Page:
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The nature of heterodox economics

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  • Tony Lawson

Abstract

Heterodoxy serves as an umbrella term to cover the coming together of separate projects or traditions. In answering the question, 'what distinguishes heterodoxy from the orthodoxy?', the author argues that matters of ontology are central. In answering the question, 'how are the various traditions that make up the modern heterodoxy to be distinguished from each other?', the author defends criteria other than varying commitments to specific substantive theories, policy measures or techniques (or basic units) of analysis. Copyright 2006, Oxford University Press.

Suggested Citation

  • Tony Lawson, 2006. "The nature of heterodox economics," Cambridge Journal of Economics, Oxford University Press, vol. 30(4), pages 483-505, July.
  • Handle: RePEc:oup:cambje:v:30:y:2006:i:4:p:483-505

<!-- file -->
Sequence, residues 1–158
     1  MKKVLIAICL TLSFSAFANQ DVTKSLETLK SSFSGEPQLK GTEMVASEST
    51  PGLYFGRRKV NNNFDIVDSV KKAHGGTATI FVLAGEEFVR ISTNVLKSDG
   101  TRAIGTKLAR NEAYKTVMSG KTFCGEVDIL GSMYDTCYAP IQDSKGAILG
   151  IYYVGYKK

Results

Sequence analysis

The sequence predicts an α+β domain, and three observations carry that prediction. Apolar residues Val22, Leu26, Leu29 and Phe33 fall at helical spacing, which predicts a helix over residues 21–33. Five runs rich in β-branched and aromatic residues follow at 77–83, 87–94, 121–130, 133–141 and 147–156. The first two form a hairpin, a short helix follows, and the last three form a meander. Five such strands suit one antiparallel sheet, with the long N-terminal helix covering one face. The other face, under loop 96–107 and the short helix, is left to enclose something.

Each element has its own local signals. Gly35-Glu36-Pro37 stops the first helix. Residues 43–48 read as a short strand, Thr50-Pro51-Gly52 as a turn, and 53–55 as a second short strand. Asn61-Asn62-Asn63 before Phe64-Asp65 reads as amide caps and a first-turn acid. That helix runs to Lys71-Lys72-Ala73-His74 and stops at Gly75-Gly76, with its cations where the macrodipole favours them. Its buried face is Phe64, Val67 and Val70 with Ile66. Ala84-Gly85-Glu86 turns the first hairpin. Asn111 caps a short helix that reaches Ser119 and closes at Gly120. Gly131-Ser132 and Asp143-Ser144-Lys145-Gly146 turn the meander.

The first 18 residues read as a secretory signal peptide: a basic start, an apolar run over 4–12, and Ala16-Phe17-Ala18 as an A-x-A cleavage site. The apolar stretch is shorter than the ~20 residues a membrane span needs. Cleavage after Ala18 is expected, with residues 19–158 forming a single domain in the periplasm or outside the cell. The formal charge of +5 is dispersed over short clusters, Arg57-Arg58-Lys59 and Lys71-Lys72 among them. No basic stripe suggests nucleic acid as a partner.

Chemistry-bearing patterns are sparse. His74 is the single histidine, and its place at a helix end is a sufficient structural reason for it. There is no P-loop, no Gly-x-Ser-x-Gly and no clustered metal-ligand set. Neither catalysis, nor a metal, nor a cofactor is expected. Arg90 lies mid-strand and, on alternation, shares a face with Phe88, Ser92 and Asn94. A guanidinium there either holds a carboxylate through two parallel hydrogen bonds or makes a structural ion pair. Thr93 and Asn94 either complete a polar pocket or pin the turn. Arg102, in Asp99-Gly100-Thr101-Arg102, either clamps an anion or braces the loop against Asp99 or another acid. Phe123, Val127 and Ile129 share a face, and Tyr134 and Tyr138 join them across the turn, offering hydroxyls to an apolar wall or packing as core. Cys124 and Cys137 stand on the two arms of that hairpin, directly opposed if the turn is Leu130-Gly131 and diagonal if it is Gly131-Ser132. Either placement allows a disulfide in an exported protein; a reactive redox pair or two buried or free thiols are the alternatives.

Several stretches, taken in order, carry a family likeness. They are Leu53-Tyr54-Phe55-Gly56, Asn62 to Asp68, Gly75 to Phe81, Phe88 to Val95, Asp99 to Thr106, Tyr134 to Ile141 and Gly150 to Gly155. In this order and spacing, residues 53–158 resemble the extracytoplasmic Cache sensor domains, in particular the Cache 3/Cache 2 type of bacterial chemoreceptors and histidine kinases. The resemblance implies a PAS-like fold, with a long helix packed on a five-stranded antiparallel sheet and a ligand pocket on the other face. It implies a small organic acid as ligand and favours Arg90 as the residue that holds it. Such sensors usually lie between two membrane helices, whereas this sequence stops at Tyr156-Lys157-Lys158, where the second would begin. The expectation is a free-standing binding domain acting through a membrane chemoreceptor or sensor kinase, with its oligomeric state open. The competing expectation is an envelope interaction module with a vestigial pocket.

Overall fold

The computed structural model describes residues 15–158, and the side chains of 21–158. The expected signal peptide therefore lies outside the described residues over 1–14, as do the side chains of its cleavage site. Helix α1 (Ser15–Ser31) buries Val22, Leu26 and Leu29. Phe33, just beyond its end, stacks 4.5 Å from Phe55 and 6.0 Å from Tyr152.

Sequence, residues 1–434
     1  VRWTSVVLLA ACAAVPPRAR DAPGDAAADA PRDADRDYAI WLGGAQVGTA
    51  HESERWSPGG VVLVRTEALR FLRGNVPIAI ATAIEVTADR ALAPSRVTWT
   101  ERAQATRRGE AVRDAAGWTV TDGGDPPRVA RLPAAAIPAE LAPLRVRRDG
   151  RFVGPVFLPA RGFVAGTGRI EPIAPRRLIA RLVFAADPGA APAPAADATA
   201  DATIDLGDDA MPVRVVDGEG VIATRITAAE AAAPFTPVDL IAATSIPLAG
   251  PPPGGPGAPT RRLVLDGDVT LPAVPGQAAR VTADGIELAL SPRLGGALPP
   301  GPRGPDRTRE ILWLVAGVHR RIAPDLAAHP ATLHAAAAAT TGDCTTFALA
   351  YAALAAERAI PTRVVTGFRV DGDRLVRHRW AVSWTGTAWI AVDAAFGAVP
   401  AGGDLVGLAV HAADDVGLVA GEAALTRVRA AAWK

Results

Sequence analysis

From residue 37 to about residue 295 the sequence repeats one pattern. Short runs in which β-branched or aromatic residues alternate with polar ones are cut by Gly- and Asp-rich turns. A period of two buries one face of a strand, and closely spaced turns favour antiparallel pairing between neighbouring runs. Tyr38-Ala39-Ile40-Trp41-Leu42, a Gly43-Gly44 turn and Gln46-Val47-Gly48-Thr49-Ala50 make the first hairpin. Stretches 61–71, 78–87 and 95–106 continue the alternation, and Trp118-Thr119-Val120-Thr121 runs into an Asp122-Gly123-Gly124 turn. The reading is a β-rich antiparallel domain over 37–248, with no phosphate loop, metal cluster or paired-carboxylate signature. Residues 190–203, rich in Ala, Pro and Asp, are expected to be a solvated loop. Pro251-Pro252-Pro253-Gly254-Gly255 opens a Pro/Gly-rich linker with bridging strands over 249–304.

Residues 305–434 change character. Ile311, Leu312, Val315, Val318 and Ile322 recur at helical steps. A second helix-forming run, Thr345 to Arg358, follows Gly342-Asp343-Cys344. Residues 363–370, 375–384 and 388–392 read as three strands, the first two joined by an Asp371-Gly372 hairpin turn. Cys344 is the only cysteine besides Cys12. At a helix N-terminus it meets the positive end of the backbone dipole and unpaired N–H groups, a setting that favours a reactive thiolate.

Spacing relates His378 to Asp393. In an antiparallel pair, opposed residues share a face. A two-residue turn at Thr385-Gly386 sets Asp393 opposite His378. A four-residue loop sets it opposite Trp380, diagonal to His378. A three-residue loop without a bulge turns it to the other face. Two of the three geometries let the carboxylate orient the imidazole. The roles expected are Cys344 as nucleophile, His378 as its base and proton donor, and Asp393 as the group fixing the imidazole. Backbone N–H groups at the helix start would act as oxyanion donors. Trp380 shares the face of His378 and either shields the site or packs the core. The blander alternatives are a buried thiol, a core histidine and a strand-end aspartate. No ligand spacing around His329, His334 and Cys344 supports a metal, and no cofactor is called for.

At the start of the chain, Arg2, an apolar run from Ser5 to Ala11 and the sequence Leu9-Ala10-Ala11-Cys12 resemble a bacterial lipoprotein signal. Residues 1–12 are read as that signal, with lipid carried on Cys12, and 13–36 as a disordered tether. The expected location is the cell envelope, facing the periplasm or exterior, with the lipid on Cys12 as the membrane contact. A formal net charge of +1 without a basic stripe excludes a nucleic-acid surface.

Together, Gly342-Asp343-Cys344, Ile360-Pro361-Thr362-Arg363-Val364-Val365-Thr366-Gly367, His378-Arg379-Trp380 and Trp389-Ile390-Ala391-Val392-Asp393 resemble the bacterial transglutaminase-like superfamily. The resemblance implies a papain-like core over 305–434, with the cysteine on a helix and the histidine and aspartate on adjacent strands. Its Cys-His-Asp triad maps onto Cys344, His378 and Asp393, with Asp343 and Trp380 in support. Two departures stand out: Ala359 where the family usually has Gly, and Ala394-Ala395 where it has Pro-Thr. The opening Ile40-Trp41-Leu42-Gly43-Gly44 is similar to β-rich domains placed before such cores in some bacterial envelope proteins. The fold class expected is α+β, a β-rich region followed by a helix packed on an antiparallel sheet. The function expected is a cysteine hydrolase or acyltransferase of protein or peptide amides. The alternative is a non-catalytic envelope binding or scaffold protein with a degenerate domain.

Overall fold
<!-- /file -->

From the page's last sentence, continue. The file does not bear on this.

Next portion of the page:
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    File URL: http://hdl.handle.net/10.1093/cje/bei093
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    References listed on IDEAS

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    1. Paul Davidson, 1994. "Post Keynesian Macroeconomic Theory," Books, Edward Elgar Publishing, number 124, June.
    2. Sheila C. Dow, 1999. "Post Keynesianism and Critical Realism: What Is the Connection?," Journal of Post Keynesian Economics, Taylor & Francis Journals, vol. 22(1), pages 15-33, September.
    3. Paul Davidson, 1996. "Reality and Economic Theory," Journal of Post Keynesian Economics, Taylor & Francis Journals, vol. 18(4), pages 479-508, July.
    4. Paul Davidson, 1991. "Is Probability Theory Relevant for Uncertainty? A Post Keynesian Perspective," Journal of Economic Perspectives, American Economic Association, vol. 5(1), pages 129-143, Winter.
    5. Philip Arestis & Stephen P. Dunn & Malcolm Sawyer, 1999. "Post Keynesian Economics and Its Critics," Journal of Post Keynesian Economics, Taylor & Francis Journals, vol. 21(4), pages 527-549, July.
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